As his former student, I was delighted with the news that Peter Eisenman was awarded the Topaz Medallion for Excellence in Architectural Education last week.
For those unfamiliar with this honor, it is an annual award made jointly by the American Institute of Architects (AIA) and the Association of Collegiate Schools of Architecture (ACSA) in recognition of a lifetime of achievement in architectural education. It thus represents a rare moment of concord between architectural professionals and academics.
Awarding the Topaz Medallion to Eisenman was an extraordinary thing to do. In the first place, most of its past recipients are or were full-time academics for a significant portion of their careers. Eisenman, despite his prolific teaching, has never held a full-time academic position. But more importantly, it is what he taught that makes this award remarkable. Although his specific ideas have undergone periodic revisions, he has consistently argued against the most basic principles that sustain the contemporary practice of architecture. In one form or another, the idea that architecture attempts to artfully reconcile form and function dominates the profession today. In his 1977 editorial “Post-Functionalism” in the journal Oppositions, Eisenman outlined his program of deriving principles for architectural design from the historical conditions that create the grounds of meaning (or lack thereof) of cultural products in general. He explicitly rejected traditional notions of both form and function as based on obsolete ideals. By awarding Eisenman the Topaz Medal, the AIA and ASCA apparently recognized the influence of his profoundly subversive approach to architecture.
One reason to give Eisenman this award is that there are many architects like me who are his former students and who cannot help but acknowledge his influence on their thinking.
He has a unique passion for architecture and sees it as a demanding intellectual discipline. It is a field of action where the forces of history contend and its practice is a kind of spatial historiography. It is difficult to experience Eisenman’s teaching and not come away with the conviction that architecture is the most important thing in the world. Studying it is therefore a very serious business. Eisenman endows his students with his level of passion and seriousness (if not knowledge), making their work important. I can tell you from experience that this is tremendously exciting for a student. Simply put, he is a great teacher, provided one thinks that the proper concern of a teacher is conveying knowledge and passion, not nurturing students’ supposedly fragile egos. Peter didn’t hesitate to couch his criticism in-well, critical terms. I took this as a token of his respect for the seriousness of my work and my ability to approach it critically. I know that many students have been hurt by his sometimes caustic manner, but even these have often recognized after the fact that they learned a great deal from him.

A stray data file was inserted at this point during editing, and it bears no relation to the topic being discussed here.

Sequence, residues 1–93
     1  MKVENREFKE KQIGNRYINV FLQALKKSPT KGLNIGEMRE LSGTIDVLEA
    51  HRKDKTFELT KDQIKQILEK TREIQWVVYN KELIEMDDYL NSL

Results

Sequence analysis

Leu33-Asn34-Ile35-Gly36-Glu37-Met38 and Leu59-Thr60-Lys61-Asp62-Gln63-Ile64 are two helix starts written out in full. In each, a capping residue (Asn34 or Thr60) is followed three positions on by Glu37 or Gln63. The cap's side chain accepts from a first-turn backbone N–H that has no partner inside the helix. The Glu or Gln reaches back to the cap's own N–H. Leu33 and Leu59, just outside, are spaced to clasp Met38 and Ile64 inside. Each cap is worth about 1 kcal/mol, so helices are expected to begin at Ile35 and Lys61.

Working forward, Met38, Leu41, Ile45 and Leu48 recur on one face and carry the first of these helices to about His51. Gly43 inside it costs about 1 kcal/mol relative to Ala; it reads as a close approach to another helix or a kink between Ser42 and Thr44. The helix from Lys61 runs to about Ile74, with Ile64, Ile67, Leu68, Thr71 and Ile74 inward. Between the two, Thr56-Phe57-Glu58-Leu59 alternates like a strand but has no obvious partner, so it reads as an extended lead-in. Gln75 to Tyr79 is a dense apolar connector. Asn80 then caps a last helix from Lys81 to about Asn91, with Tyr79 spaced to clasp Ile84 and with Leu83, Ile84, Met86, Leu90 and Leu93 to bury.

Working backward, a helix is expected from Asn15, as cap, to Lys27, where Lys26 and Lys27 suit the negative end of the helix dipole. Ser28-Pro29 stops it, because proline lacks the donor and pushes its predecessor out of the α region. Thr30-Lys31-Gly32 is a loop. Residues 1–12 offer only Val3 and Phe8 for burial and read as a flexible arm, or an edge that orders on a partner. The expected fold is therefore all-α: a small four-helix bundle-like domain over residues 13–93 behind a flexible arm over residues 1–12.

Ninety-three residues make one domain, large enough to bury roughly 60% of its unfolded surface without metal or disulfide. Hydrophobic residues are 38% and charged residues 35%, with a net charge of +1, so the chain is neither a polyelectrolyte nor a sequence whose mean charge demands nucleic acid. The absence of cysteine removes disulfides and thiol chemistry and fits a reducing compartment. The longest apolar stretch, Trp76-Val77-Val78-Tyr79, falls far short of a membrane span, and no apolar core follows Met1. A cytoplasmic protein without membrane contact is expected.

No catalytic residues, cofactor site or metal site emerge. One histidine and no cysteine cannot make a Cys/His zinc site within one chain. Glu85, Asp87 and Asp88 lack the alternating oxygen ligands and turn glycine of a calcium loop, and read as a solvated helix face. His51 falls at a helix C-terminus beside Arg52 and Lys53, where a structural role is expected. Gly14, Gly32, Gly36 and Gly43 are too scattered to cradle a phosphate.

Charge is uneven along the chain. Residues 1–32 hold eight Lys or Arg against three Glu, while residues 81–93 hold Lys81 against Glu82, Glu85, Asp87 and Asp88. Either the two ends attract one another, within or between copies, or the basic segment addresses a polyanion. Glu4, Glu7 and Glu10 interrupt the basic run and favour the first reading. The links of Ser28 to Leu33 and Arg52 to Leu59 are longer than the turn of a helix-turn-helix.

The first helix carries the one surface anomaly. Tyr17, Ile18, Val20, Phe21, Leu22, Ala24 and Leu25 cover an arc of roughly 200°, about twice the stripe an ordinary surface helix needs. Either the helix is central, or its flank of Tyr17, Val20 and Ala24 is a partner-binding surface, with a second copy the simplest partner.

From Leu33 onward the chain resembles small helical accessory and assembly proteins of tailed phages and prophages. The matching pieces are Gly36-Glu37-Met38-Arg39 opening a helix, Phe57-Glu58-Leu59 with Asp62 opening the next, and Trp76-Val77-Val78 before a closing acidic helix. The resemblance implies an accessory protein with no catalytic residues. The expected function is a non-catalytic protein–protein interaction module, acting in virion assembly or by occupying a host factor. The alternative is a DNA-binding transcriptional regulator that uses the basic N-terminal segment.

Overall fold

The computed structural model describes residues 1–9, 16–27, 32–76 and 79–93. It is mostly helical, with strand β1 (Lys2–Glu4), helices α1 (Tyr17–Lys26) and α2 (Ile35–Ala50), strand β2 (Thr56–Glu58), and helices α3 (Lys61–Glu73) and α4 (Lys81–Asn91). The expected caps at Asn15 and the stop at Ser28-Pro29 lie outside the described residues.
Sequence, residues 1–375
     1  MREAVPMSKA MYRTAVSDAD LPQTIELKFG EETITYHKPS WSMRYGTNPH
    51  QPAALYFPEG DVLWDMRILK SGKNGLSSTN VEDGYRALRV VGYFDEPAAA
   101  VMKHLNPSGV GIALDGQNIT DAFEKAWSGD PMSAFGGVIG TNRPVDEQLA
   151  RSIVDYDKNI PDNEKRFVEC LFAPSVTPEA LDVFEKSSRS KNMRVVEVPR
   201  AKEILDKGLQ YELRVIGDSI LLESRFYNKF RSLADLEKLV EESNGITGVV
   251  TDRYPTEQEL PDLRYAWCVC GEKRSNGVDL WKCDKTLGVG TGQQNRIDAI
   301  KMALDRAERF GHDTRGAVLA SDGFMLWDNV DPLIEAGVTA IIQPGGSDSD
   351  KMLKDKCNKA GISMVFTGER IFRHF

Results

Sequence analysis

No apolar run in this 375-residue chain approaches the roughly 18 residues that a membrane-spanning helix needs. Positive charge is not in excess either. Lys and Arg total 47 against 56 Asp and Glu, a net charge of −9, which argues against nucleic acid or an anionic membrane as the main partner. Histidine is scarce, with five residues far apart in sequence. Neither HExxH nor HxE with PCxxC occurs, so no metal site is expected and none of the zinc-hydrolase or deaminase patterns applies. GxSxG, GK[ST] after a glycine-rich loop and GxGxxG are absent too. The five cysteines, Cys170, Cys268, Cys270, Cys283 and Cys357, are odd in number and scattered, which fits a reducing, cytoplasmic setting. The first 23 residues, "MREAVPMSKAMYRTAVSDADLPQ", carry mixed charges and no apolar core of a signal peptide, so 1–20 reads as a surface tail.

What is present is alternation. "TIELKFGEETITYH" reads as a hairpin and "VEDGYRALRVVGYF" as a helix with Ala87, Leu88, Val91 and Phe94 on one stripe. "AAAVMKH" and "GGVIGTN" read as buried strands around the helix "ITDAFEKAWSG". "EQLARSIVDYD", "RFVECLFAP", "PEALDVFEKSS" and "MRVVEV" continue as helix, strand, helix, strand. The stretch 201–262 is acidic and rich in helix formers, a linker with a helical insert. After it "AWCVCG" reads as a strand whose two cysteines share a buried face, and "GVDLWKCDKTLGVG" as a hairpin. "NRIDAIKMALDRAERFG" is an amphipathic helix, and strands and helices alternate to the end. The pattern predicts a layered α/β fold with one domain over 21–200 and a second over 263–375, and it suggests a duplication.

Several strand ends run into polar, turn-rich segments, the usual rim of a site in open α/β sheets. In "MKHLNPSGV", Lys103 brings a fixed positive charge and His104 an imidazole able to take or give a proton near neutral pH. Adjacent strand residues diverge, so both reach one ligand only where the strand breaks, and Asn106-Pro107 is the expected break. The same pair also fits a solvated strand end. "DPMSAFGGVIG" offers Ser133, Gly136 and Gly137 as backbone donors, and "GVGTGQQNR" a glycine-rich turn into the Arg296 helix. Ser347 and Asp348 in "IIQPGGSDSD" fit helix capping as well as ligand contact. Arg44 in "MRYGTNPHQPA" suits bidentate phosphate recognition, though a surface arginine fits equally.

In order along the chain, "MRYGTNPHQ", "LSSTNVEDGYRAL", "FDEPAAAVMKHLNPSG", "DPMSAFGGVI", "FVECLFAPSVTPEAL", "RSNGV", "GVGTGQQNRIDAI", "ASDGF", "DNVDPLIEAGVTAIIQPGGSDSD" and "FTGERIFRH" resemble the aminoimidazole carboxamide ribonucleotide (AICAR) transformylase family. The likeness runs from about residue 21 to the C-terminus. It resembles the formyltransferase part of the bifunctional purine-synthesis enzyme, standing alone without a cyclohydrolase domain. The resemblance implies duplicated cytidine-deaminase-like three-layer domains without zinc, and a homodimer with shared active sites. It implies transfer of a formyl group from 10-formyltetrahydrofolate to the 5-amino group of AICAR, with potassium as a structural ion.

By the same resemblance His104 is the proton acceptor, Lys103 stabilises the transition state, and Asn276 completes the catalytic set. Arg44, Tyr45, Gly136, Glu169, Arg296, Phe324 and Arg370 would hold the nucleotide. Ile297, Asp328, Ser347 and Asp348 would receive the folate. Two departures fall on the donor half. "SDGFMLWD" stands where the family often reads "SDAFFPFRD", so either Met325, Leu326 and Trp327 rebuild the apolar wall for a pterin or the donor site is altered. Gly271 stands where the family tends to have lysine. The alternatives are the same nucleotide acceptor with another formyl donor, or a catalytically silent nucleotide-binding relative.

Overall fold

However great Eisenman’s influence on his students, we had to put most of it aside when we began working.
Even the most “stellar” firms need to concern themselves with their clients’ programs. Budgets tend to reify pre-existing “ideals” of form, since straying too far from formal precedents is usually expensive. Clients stubbornly insist on seeing their buildings as practical tools rather than as contributions to critical discourse on architecture. Yet Eisenman’s teaching has stayed with us, in spirit if not in the details. The image of architecture as a serious intellectual undertaking with its own principles and, dare I say, ideals has a powerful hold on our imaginations. And not only on those of his former students- I would argue that every architect bases some of his or her self-image on ideas such as Eisenman’s. Most of us draw a distinction between what we do for a living every day and some idea of architecture as it would exist under ideal conditions. By understanding our daily work as a pursuit of a pure idea which is inevitably doomed to fail, architects both maintain the ideal and the ability to justify the distinctly non-ideal work we do. Without such an ideal, architecture becomes a form of engineering: finding effective solutions to concrete problems. There is nothing wrong with engineering, but most architects believe that that is not what we do.
By giving the Topaz Medal to Peter Eisenman, the architectural establishment recognized the need for such an ideal, for an image of architecture as a high-minded pursuit that follows its own precepts, that exists independently of any of its instantiations.
To be continued…